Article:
In yesterday's post on 'overreach' as an idea that emerges from failure (Pickett's Charge is another example), I tried to suggest that the invasion of Iraq probably would not have even been conceivable as overreach if it had happened without the massive contradictory breakdown of Western foreign policy that took place between the unanimous passage of 1441 and the Azores conference. Happily Matt Yglesias has put the point expertly with a little help from Bubba, who penned an op-ed on March 18, 2003 that we should all go back and read:
I wish that Russia and France had supported Blair's resolution. Then, Hans Blix and his inspectors would have been given more time and supprt for their work. But that's not where we are. Blair is in a position not of his own making, because Iraq and other nations were unwilling to follow the logic of 1441.
Clinton should have written "because France and Russia were unwilling to follow the logic of 1441, and although Russia has never shared America's basic interests, for France to do this is not just irritating but inconsistent with its very being as a Western democracy devoted to the rule of international law." But even as written it seems to me that this paragraph is unquestionably accurate. Nonetheless, once a Global Force for the Implementation of International Law proved itself to be something nobody really wanted, the possibility of overreach came into being. So Yglesias can cry out as follows:
What Blair believed was right was, of course, invading Iraq. Obviously, it's possible that Clinton wrote a March 18 op-ed urging blind faith in Tony Blair's leadership, then when Blair invaded Iraq a few days later was shocked to see him make such a mistake, but then decided he better not say anything about the wisdom of the invasion until years later, but it's not very plausible. For all intents and purposes, Clinton's public statements on the Iraq issue (like those of Colin Powell and Tony Blair) were part of the push to round up "moderate" support for the war. I remember this stuff. I was one of the millions of Americans who thought that, sure, George W. Bush must be a maniac but if Bill and Hillary Clinton and Colin Powell and Madeleine Albright (and other Clinton-era officials like Ken Pollack) and Joe Biden and so on and so forth think it's a good idea, maybe I should have some more confidence. Obviously, that was a stupid, stupid mistake. But I find it really offensive that people who abused the trust of citizens who admired them by selling us on this mess now want to turn around and do it again by pretending that never happened.
My basic point of contention is that if France and Russia had done as Blair and Clinton wanted them to do -- really, if France had done as it had to do if it took its commitments to international law seriously -- then in all probability 'this mess' would not exist, either because Iraq would not be so messed up as it is now or because the mess that it would be would not be entirely ours, thereby making it decidedly not 'this mess'.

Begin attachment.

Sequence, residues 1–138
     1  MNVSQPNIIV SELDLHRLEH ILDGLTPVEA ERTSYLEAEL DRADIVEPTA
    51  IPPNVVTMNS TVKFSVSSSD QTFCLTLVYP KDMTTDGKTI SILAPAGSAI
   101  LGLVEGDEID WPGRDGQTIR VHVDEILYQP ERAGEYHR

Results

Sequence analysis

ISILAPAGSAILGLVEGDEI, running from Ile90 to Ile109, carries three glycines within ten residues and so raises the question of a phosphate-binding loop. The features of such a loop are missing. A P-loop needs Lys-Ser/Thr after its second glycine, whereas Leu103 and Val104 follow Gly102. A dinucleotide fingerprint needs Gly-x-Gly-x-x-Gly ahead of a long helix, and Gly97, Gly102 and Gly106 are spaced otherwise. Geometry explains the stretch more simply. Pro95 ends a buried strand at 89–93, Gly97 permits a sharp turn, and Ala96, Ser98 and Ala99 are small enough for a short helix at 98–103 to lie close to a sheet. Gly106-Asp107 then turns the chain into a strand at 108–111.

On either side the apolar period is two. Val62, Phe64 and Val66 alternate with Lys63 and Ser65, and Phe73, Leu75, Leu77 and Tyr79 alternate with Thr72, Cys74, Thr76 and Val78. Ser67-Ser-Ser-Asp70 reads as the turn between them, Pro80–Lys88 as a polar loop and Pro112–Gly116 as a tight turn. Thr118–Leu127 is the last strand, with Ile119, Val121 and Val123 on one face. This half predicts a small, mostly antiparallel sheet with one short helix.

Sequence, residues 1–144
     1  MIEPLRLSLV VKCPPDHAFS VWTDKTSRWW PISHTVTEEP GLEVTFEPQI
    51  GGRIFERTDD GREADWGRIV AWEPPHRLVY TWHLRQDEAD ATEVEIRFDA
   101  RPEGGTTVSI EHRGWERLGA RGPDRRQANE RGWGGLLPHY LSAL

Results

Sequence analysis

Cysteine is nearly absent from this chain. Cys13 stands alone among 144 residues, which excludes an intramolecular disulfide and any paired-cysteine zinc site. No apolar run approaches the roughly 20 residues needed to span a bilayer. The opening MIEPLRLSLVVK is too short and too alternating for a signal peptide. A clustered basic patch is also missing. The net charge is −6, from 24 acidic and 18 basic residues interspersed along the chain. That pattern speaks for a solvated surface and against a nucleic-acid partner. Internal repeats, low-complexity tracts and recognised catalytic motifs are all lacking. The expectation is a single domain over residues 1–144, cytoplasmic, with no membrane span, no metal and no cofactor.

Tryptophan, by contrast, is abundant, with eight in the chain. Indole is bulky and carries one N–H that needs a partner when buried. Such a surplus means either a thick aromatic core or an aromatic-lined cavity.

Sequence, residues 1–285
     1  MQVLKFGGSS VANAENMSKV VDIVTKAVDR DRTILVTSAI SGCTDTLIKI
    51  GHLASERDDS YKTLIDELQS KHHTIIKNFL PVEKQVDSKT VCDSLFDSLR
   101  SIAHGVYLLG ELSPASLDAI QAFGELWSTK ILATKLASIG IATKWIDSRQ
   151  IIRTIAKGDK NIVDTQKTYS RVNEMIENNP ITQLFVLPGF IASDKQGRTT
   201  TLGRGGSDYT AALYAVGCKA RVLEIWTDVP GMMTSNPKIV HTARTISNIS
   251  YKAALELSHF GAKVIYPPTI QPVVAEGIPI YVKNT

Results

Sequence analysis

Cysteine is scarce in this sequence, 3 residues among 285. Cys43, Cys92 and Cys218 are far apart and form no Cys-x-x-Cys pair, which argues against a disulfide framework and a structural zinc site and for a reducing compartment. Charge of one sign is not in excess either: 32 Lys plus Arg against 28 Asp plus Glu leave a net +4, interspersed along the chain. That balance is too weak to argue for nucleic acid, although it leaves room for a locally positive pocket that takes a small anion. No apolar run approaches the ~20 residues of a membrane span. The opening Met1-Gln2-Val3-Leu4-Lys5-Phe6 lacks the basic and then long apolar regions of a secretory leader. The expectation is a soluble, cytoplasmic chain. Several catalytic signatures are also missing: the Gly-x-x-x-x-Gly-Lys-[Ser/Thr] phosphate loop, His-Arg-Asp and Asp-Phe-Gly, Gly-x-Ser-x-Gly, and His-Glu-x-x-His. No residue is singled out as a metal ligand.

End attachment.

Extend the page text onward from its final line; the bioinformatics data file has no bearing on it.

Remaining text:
This is a frightening thing for me to say because I recognize that lurking at the heart of every mainstream Democrat is a conviction that Bush very nearly ruined international interventionism for a generation and only Hillary Clinton or maybe Obama can bring it back by proving that Democrats can do the freedom agenda right -- better experts, smarter officials, attitudes more conducive to conflict resolution, no crazy Jesus-based arrogance. And in judging Bill Clinton's paragraph above to be accurate, I am leaving the door wide open to the claim that Iraq could in fact have been done so much 'better' that it would not look like the colossal mistake and overreach that it does today. But I think any anti-war interlocutor has got to own up to this.
Coercive enforcement of 1441 was not ever a doomed enterprise from the get-go, no matter how deeply flawed was the Bush administration's execution of the patched-up substitute that the Coalition of the Willing was supposed to provide. Overreach was not inherent to the West's beating up on Iraq in retaliation for Saddam Hussein's insistence on breaking and flouting international rules. (The wisdom of institutionalizing such an approach in international law, that is, must be debated on terms other than effectiveness.) Overreach may well have been inherent in the US trying to do so all on its own, for a huge number of intersecting reasons. Interestingly, I am making the weird claim that an international occupation of Iraq, structurally speaking, would not have generated the onerous costs to the US that the US occupation of Iraq, structurally speaking, knowably did wind up generating.